They Drift Like Debris


Interview with Heather Box


Describe yourself in 3 adjectives.

H.B.: It's always hard to describe yourself, without false modesty or only saying the flattering bits, but I probably would say I'm a bit soft, easily-carried-away and spacey. I know it's not an adjective but my brother once described me as seeming like I always have elevator music playing in my head, and I think it's probably the most accurate description of myself I can give.


Poetry is a very specific form of literary work. Can it offer something that other forms cannot?

H.B.: The thing I like about poetry over other types of literature is that, to me at least, it's all about space. When someone writes a novel, most of the descriptions are there to try and convey as accurately as possible what the writer has in mind. With poetry, there's a capacity to leave space for the reader to connect with the descriptions however they do naturally. The other thing I love is the use of sound in poetry. I love words and I often will pick phrases not based on what words are the most accurate to what I'm describing, but more on what sounds nice. I write music too, and I think poetry can have a much more musical aspect to it with the tone, sound and rhythm of words.

Do you see yourself as a poet? If so, do you see yourself as a poet only when writing/reading poetry or in other areas of life too?

H.B.: I wouldn't say that I'm a poet. It feels strange to bestow that on myself. But I do think I'm set up in a way that leans in to poetry. I've always been a bit off in a dream, I kind of anthropomorphize everything, see personalities in things. But also writing poems is a very useful tool for me because I'm a bit avoidant with my own emotions sometimes. When I write I go into autopilot slightly, and I'll look back at it and see things I had been repressing. It allows me a safe and distant way to access difficult feelings. Those two things combined I think makes writing feel pretty natural to me.

Your poem has a very clear feminist undertone. A lyrical subject in 'They Drift Like Debris' seems to be subjugated, yet ready to fight relentlessly. Do you think this position is common among women?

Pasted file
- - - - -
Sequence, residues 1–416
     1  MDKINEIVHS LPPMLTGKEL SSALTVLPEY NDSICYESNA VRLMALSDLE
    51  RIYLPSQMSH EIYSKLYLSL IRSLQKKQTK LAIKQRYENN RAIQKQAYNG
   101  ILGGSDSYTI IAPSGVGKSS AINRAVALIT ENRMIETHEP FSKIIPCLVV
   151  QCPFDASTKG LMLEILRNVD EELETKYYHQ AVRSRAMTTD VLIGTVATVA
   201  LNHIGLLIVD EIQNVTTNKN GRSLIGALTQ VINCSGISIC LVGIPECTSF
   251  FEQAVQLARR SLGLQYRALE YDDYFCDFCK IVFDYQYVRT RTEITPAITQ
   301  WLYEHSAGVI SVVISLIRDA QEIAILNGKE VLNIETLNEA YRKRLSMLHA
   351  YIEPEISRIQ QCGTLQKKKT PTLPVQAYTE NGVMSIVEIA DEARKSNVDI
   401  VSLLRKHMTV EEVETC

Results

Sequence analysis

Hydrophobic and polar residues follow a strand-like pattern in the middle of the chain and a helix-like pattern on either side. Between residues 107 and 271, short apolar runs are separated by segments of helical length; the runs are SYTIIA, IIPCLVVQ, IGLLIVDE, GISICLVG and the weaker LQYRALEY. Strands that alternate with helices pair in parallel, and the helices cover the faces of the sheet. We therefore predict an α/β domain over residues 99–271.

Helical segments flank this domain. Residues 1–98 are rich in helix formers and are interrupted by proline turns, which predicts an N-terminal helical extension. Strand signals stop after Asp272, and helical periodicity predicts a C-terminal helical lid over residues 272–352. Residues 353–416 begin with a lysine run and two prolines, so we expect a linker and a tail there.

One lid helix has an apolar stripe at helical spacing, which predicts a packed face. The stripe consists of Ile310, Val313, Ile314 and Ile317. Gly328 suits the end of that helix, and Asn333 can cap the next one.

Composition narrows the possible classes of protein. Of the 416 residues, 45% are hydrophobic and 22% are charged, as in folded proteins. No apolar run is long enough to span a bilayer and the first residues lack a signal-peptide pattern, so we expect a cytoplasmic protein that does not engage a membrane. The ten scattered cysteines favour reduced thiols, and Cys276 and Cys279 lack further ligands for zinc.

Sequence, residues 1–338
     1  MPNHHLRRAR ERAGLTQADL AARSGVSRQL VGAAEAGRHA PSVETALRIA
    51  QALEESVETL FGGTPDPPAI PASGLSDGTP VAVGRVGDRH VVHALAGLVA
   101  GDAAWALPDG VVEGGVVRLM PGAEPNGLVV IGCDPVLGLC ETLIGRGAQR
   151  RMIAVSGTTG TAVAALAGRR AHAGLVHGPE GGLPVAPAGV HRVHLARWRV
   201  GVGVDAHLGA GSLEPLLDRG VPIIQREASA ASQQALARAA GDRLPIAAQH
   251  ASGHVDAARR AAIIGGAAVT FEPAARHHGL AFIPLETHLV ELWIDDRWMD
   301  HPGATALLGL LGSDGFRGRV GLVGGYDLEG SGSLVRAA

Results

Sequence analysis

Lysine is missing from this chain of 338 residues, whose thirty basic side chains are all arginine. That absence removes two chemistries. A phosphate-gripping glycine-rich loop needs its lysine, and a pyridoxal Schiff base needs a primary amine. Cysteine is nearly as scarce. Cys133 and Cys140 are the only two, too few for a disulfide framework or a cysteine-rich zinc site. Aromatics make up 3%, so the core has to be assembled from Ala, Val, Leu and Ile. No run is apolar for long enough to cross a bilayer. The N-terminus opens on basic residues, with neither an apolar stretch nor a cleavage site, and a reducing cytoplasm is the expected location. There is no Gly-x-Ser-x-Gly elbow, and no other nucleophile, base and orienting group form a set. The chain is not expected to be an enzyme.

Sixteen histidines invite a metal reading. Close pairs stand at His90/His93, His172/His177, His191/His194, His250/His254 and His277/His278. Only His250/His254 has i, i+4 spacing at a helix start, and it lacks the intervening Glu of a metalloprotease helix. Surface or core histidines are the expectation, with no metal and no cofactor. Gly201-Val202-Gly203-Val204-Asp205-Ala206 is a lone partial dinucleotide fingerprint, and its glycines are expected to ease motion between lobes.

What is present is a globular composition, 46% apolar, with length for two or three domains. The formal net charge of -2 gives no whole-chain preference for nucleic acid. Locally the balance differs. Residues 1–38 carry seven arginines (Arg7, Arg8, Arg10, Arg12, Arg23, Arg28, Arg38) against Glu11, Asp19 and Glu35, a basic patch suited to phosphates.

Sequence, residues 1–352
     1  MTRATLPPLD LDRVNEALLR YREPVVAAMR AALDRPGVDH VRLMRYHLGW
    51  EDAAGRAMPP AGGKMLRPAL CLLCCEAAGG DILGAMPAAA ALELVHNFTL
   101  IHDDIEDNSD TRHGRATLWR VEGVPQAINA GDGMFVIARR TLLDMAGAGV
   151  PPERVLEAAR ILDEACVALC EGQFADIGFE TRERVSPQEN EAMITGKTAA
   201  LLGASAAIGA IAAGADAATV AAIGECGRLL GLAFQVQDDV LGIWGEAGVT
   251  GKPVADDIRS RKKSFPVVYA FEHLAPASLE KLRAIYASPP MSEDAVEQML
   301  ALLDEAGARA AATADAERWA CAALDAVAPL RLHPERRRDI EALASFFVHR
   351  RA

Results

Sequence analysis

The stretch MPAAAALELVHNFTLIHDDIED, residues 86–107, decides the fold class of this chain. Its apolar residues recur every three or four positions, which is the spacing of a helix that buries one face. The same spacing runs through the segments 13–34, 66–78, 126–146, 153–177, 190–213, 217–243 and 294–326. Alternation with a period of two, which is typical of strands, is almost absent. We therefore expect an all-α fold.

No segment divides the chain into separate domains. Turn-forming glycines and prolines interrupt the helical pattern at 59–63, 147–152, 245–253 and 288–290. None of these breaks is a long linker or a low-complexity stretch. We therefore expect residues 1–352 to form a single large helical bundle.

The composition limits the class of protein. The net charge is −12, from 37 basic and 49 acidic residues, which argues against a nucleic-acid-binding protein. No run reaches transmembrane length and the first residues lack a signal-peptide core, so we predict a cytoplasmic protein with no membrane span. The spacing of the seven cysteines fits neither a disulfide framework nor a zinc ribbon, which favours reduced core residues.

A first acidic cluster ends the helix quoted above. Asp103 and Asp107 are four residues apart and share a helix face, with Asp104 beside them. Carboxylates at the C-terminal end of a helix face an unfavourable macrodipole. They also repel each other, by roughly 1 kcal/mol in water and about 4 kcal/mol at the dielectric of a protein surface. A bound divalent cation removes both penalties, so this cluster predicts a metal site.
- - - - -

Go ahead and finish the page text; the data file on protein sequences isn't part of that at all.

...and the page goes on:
H.B.: I wrote this poem in a bit of a daze, but I do see that. I think it's more a feeling of frustration than a willingness to fight. To me, the poem is about feeling used, in a figurative sense as much as a literal sense, almost being objectified as a character rather than a body. I've definitely felt this, and I think it is a by-product of art, culture and media, that a specific type of 'artistic man' can end up inadvertently exploiting partners like this. I wish it was different, but I don't know how to fight it. That frustration I definitely see in other women, and more generally in people who are oppressed or exploited and feel powerless to change it.

Would you agree that, in these days, adaptability is still vital to most women?

H.B.: To me adaptability is just a necessary part of life, and it's why humans are as good at surviving and coping as they are. But I think in the modern world there's a type of adaptability that is almost forced on women and girls. We're taught from a young age what the perfect girl looks like, the different versions of it, and how to play up to it. You're taught you have to be the guy's perfect girl, which is impossible because the reality is everyone has needs, flaws, and parts of them that are difficult. And sadly, a lot of guys come to expect that and are disappointed when a girl has needs and vulnerabilities. I guess the issue can't be entirely blamed on sexism and society, as this demand for adaptability is often because of individuals and their life experiences, and I'm sure there are cases of women having unfair and unrealistic demands of men, too, or in same-sex couples. I don't think it's the norm, but it's a real shame that it's a part of the world we live in.